The Defense Department’s red to green scale is meant to help lawmakers see how their state licensing boards compare with others in terms of “portability,” (DoD Graphic)

A new ranking scale from the Pentagon shows that most U.S. states still have work to do when it comes to helping spouses with professional licenses continue their careers after a military move to a new state.

The scale, included in a report released Monday, measures how portable each state’s military spouse licensing allowances laws are. The Defense Department’s red to green scale is meant to help lawmakers see how their state licensing boards compare with others in terms of “portability,” or ease of transferring a professional license across state lines.

”There were lots of circumstances where boards may have interpreted the broad law differently than we had anticipated and really did not make it much easier for military spouses,” Marcus Beauregard, Defense-State Liaison Office (DSLO) director, said Monday. ”And we also found that implementation of those laws was not consistent throughout the states.”

Beauregard said one barrier to passing state legislation that truly helps spouses is a misunderstanding of the word “reciprocity.” While working with states from 2011 to 2016, he found some lawmakers did not understand that “reciprocity” means “if I accept yours, you accept mine.”

Related: New Law Will Make It Easier for Military Spouses to Keep Licenses During a PCS

Officials hope the new scale will provide a working definition of reciprocity.

The dark green part of the scale shows the supported amount of reciprocity, or interstate compacts. The red area indicates problems from no portability to weak language, using wording such as the noncommittal “may” instead of “shall.”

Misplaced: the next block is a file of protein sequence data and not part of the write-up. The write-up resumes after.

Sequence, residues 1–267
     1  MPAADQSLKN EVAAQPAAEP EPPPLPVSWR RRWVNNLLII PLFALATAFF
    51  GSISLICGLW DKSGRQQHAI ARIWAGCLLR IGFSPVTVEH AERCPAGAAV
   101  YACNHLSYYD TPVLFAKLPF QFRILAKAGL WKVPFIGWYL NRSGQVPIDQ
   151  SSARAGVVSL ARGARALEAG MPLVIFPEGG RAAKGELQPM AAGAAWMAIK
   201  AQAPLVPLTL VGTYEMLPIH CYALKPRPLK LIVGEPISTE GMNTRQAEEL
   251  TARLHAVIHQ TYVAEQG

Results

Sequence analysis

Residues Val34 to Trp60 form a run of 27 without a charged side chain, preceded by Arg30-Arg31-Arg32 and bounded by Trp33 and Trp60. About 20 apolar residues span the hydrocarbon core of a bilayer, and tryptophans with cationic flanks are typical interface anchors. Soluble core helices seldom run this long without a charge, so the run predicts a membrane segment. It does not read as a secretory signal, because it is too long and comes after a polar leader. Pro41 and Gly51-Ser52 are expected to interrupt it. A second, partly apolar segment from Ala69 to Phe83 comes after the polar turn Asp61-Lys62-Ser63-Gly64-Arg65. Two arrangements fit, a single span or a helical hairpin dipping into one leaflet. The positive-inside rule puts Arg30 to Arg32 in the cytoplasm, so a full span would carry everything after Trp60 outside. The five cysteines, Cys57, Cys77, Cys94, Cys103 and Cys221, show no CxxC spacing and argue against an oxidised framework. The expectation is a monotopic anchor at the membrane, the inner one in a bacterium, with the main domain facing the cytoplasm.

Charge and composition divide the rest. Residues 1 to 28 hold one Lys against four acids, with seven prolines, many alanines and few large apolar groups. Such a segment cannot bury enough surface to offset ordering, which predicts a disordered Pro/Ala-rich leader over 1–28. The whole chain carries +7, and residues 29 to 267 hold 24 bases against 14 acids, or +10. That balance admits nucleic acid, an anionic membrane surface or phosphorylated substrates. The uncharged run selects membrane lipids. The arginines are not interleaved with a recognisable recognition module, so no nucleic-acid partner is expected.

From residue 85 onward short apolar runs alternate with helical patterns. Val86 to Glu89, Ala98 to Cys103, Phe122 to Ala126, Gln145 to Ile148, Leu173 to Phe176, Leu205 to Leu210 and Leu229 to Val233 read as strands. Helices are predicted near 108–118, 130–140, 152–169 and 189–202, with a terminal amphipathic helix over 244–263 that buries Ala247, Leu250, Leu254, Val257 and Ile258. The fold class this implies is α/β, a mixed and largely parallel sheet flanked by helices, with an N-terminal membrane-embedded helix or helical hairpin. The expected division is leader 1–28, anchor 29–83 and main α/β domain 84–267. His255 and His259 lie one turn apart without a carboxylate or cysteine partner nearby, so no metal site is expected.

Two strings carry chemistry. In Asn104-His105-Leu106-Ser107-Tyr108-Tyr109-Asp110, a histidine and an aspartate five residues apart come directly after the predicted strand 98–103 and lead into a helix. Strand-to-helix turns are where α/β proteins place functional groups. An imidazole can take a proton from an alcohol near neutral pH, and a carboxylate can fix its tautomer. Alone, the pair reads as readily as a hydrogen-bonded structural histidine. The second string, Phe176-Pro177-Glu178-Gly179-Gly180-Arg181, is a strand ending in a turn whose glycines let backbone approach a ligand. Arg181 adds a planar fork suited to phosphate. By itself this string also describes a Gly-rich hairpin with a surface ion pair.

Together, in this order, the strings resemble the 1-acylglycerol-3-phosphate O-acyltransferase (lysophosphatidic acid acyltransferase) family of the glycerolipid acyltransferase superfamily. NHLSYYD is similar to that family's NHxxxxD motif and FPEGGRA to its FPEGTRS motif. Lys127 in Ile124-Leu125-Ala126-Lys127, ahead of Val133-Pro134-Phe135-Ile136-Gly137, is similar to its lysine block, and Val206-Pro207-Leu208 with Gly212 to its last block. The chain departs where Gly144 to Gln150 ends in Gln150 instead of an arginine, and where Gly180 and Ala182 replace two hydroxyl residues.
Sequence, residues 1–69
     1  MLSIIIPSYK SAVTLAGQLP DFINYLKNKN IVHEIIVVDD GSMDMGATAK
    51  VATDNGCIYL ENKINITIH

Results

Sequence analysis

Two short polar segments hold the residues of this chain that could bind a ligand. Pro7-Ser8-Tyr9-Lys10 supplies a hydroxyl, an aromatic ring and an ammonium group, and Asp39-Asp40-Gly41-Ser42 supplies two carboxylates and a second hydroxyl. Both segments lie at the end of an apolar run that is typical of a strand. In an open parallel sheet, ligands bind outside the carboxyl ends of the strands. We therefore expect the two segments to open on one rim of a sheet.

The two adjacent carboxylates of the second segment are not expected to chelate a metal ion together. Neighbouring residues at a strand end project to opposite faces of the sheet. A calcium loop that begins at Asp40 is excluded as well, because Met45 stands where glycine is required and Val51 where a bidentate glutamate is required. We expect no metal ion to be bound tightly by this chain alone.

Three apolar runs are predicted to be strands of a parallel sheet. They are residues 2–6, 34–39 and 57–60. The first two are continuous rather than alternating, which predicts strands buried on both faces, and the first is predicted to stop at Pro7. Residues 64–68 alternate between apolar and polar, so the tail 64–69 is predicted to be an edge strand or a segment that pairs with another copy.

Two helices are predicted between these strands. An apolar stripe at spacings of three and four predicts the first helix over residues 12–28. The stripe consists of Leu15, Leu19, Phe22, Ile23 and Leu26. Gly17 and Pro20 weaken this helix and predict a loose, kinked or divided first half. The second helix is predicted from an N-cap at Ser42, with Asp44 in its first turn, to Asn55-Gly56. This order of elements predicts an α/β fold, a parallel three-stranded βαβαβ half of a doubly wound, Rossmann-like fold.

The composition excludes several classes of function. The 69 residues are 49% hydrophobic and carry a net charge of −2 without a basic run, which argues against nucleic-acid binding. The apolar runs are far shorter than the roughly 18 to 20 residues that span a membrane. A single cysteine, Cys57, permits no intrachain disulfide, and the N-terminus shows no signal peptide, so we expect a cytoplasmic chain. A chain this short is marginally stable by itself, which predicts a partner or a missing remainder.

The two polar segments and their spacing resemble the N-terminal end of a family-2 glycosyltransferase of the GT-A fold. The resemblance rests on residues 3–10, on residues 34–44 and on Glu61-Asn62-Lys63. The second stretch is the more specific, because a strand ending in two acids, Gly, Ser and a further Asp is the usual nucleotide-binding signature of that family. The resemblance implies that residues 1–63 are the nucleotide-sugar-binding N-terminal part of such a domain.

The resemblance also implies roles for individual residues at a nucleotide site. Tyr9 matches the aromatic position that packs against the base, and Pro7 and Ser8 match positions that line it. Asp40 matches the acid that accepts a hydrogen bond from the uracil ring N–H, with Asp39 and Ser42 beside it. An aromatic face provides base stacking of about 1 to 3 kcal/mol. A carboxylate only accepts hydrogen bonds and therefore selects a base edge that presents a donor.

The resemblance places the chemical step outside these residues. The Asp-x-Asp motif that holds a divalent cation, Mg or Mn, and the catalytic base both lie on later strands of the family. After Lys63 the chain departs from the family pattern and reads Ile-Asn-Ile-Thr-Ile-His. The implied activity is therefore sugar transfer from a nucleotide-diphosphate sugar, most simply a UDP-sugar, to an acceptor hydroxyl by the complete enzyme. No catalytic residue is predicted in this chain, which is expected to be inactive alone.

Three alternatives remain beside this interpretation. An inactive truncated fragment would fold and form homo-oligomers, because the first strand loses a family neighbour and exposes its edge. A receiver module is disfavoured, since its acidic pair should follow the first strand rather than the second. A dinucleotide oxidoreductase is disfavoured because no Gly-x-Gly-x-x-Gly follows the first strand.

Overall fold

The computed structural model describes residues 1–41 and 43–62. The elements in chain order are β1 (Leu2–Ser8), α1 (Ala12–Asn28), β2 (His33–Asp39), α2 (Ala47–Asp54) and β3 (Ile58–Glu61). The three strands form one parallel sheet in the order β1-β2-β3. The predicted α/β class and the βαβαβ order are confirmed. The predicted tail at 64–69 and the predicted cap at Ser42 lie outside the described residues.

Almost all states have passed some sort of spouse-focused licensing portability measure.

Arizona, Florida and Utah are currently just below the “optimum” dark green level. The first two require state boards to perform necessary verification, while the licensee just needs to pass a background check. Utah requires the employer to verify.

Jennifer Davis, National Military Family Association government relations deputy director, said Monday that she finds the new scale “encouraging” and is pleased the DoD is working with states to create a variety of occupation-specific interstate compacts to reduce the time and paperwork burden for fields such as physicians, nurses, physical therapists, emergency medical technicians, psychologists and audiologists/speech language pathologists.

Beauregard said the DoD is working with states to form an additional 10 to 15 occupation compacts, with the focus on allowing spouses to maintain their licenses in their home states while giving them the privilege to practice in all other member states without further licensing or registration.

“In most cases, interstate compacts provide the smoothest option in transferring an occupational license across state lines, but compacts take time to stand up,” Davis said. “Clearly defining reciprocity and illustrating immediate and short-term ways to grant that reciprocity assists states seeking to provide more support to military families and provides smart and flexible ways to engage the issue of license reciprocity for military spouses.”

Nearly 35% of military spouses have some kind of state license in teaching, nursing, accounting or other professions, Beauregard said. After a move across state lines, they have to get a new license — a costly process that can take six to nine months as they must submit their old transcripts or licenses and possibly take new classes to qualify in their new state.

Military spouse unemployment rates can be difficult to track, with results depending on survey methodology. While the latest information from the Defense Department puts the rate at about 24%, other recent studies say it’s closer to 16%. All measures, however, place the rate steadily higher than the civilian unemployment rate, which dropped to 3.6% in January from nearly 10% in 2010.

“For military spouses who have to transfer a license across state lines due to a government-directed move, maintaining employment can be daunting and frustrating, especially with a stagnant 24 percent unemployment rate,” Davis said.

She said military spouses should be encouraged by the recent work by Congress and the DoD to address the problem.

“DSLO’s providing each state with a ‘performance report’ of sorts allows states to understand where they are in the process of expediting license reciprocity and shows them where they can improve through best practices,” Davis said.

Military spouses can track the progress of each state’s reciprocal laws and review their requirements with the Labor Department’s map here.